Contador blood transfusion allegation ‘unfounded’

Tainted beef still the culprit, according to Spaniard

Three-time Tour de France champion Alberto Contador grimaces as he gives a press conference on September 30, 2010 in Pinto

Allegations that three-time Tour de France champion Alberto Contador may have received a blood transfusion during this year’s race were “unfounded”, the Spanish rider’s spokesman said Wednesday.


“This is inexact, it is false, they are unfounded allegations,” Contador’s press agent, Jacinto Vidarte, told AFP, when asked about the report in the New York Times.

The newspaper, citing an unnamed person with knowledge of the test results, reported Tuesday that a new test used for the first time at the Tour de France this year found traces of a specific type of chemical, called a plasticizer, that is found in plastic IV bags.

The test found levels of that chemical eight times higher than the minimum amount that signifies doping, it added.

Evidence of that chemical in an athlete’s urine could mean he or she has used a blood transfusion from a plastic IV bag to boost endurance.

Contador, 27, was provisionally suspended by the International Cycling Union (UCI) last week after a small amount of the weight-loss and muscle-building drug clenbuterol was found in another one of his samples.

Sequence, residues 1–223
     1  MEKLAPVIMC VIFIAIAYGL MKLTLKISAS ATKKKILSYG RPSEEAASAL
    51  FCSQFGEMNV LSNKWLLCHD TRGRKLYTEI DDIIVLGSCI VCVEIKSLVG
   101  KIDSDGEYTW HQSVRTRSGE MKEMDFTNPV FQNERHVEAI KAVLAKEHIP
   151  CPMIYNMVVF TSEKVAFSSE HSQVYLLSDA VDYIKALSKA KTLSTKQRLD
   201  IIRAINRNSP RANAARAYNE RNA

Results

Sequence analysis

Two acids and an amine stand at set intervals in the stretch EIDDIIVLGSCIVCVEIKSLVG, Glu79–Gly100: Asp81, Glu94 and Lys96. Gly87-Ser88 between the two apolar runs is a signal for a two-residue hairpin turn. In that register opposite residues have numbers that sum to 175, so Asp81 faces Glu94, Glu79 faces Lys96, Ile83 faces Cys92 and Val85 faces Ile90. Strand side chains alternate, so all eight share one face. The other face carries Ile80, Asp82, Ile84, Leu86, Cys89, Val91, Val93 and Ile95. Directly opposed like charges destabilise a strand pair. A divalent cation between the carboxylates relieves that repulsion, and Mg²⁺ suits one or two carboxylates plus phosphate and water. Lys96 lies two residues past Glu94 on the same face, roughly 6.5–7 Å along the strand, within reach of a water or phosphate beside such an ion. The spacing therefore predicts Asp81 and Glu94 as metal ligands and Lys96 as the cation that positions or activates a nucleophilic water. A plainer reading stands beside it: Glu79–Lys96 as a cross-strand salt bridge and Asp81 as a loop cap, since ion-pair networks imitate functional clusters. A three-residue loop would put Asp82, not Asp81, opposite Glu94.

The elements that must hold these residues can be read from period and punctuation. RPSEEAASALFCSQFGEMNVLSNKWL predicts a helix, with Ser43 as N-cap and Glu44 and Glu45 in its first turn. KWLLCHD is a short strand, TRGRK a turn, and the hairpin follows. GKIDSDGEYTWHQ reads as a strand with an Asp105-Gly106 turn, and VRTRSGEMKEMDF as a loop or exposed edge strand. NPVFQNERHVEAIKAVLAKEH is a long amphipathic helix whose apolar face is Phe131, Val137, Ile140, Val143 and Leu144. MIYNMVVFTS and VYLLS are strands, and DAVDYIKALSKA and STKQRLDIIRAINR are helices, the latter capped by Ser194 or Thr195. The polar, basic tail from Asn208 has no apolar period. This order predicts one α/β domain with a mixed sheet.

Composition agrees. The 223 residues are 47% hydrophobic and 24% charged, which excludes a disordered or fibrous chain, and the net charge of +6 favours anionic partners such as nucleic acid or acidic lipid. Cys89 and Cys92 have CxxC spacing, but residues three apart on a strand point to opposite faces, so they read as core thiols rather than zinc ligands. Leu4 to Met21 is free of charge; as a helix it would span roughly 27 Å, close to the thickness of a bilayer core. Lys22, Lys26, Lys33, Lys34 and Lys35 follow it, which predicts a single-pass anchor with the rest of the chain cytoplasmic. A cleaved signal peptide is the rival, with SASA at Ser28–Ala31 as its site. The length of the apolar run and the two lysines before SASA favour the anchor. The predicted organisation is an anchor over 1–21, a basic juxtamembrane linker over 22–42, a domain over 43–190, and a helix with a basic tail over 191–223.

The clenbuterol was detected on July 21, the Tour’s final rest day, a day after the plastic residue was detected, according to the New York Times.

The Spaniard, who won the Tour de France in 2007, 2009 and 2010, argues the traces of clenbuterol that were detected came from his consumption of tainted beef from Spain.

But a report broadcast on German state-run television station ARD last week suggested that Contador’s positive test result for clenbuterol probably occurred because he received a transfusion of his own blood that had already had traces of the drug in it.

UCI president Pat McQuaid said Saturday that Contador could have his fate decided by scientists from the UCI and World Anti-Doping Agency (WADA).

“I don’t know how long this process is going to take because I don’t know what level the results management process is at. But I do agree that in the interests of our sport we need the Contador case to come to a conclusion as quickly as possible,” he said.


© AFP 2010